Further, it is thought that probiotics can stimulate the immune response of the body, both by increasing naturally-occurring immune factors within the GIT, as well as improving the numbers and distribution of specific cells of the immune system.
Do I need to take one? They’re kind of expensive…
There are certainly many things you can include in your diet and lifestyle that are beneficial to the balance of the microbiome that don’t involve taking a probiotic supplement. For example, there is certainly a lot of value (in my opinion) in including good quality, fermented foods as a regular part of your diet to improve microbial diversity.
The addition of a probiotic supplement might be warranted for additional support should you be experiencing any of the following:
Constipation/diarrhoea (including that which is associated with travelling);
Diarrhoea associated with antibiotics or other medications;
Repeat bouts of viral infections such as the common cold, UTI, sinusitis, tonsillitis etc.
How can I get the best bang for my probiotic-buck?
If you’ve decided to take a probiotic, make sure you’re feeding the beneficial bacteria properly:
Reduce your intake of refined, sugary foods; alcohol and coffee. These things tend to favour/feed the harmful bacteria, over the beneficial ones.
Include plenty of prebiotic foods in the diet. Prebiotic foods help by selectively stimulating the growth and/or activity of one or a limited number of bacteria. Prebiotic foods are high in dietary fibre and onion, garlic, leek, asparagus and bananas are particularly good sources.
Seek a professional opinion...
The best way to get value for money, however, is to speak to someone who knows what they’re talking about for your individual needs. There are certain strains of probiotics that have been clinically trialed, tested, and proven to be beneficial for certain health conditions.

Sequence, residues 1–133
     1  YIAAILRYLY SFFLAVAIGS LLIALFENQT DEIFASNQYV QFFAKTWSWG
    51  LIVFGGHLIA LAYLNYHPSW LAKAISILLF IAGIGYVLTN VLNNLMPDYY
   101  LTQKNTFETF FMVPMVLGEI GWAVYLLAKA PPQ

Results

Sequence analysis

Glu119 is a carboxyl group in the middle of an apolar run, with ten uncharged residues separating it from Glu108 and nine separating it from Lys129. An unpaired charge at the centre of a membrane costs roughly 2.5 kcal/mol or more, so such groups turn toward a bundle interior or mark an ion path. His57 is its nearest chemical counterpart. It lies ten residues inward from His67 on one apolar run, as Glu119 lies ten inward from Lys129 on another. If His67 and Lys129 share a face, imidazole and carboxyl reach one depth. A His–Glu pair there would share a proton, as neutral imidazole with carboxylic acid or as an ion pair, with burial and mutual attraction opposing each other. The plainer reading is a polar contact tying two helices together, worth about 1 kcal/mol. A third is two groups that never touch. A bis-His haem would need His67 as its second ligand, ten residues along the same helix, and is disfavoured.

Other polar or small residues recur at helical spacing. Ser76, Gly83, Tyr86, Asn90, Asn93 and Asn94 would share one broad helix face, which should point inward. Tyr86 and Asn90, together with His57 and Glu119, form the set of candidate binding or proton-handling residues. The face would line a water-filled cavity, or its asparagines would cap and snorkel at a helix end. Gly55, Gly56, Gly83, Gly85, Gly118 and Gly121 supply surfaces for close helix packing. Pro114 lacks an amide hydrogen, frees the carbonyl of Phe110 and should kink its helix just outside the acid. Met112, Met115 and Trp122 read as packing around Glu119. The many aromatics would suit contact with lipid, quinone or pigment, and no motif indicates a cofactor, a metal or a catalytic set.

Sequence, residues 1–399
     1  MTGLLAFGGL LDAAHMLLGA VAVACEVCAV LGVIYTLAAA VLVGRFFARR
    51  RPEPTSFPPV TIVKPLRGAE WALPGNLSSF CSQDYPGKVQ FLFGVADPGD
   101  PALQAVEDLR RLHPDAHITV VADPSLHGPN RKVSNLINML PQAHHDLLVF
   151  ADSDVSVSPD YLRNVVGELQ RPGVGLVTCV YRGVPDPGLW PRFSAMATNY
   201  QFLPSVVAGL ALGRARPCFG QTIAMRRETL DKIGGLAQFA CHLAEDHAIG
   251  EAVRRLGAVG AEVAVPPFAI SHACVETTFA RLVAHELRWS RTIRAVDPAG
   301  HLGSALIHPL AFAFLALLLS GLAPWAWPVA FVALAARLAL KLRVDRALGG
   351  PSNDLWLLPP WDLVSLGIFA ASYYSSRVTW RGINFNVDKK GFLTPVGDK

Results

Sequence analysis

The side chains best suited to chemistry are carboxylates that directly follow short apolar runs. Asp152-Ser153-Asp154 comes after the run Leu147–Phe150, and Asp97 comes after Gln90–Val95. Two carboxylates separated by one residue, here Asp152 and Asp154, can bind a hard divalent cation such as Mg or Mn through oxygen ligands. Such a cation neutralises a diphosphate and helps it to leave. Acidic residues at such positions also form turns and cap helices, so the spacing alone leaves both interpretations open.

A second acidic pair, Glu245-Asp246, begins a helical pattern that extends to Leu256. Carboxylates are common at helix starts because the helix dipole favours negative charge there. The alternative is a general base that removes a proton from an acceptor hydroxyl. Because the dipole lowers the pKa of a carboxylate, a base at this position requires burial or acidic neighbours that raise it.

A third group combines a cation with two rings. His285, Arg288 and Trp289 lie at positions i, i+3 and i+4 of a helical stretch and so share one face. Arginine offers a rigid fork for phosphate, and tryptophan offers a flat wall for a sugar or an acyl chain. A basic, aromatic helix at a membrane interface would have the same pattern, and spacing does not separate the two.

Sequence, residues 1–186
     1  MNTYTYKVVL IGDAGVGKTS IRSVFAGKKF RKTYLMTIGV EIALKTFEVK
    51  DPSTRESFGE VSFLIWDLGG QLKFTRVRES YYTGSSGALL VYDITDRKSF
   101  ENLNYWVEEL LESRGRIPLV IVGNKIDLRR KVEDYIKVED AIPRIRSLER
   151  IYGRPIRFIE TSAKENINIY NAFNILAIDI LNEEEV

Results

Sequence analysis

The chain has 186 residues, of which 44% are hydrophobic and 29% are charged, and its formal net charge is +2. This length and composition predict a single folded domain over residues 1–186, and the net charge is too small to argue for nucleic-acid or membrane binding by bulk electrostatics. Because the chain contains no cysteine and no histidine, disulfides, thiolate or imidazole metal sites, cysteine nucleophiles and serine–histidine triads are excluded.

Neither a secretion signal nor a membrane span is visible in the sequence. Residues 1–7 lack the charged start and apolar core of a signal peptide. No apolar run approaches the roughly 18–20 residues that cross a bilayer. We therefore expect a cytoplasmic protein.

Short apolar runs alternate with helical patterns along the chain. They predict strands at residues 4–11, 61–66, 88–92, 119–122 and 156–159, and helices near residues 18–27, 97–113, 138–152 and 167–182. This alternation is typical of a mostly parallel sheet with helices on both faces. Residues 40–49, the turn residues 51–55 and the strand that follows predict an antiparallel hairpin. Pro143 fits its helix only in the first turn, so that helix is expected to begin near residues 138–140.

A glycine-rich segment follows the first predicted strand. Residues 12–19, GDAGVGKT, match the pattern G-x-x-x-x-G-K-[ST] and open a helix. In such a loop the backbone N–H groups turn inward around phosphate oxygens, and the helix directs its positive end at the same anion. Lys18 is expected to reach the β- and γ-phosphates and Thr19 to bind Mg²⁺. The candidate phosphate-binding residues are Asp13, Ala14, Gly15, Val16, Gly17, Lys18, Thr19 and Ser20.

If you’ve decided that taking a probiotic is for you, invest wisely by speaking to a naturopath who is up to date with the science, and can advise you properly. A good quality probiotic is not a cheap supplement and the dose, timing, and length of administration will differ depending on your health circumstances and individual needs. Further, it is likely that taking a probiotic will only address part of your health picture and is by no means a 'cure all'. Having a thorough assessment of your diet and lifestyle is the best way to ensure that you're receiving comprehensive treatment.
What we currently know about the benefits of probiotics really comes down to the immune system:
Probiotics help to ensure that the cells lining the GIT are healthy. Strong and healthy cells improve the way that the body keeps harmful elements of foods and the environment (i.e. toxins and allergens) out of the bloodstream.
Probiotics stimulate the immune system to improve its production and distribution of key cells that contribute to the body’s defensive mechanisms, such as natural killer cells, macrophages, and T cells.
Taking dietary supplements is not the answer for everyone and each person has different needs. If you’re going to spend money on your health, invest it confidently by seeking professional advice first. If you require any more information, please don't hesitate to email me here.
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Sender, R., Fuchs, S. & Milo, R. (2016). Revised estimates for the number of human bacterial cells in the body. PLOS Biology http://dx.doi.org/10.1101/036103
Schrezenmeir, J, & Vrese, M. (2001). Probiotics, prebiotics, and synbiotics - approaching a definition. The American Journal of Clinical Nutrition, 73(Suppl), 361S-4S.
Ursell, L., Metcalf, J., Wegener-Parfrey, L. & Knight, R. (2012). Defining the human microbiome. Nutr Rev, 70(Suppl. 1), S38-S44.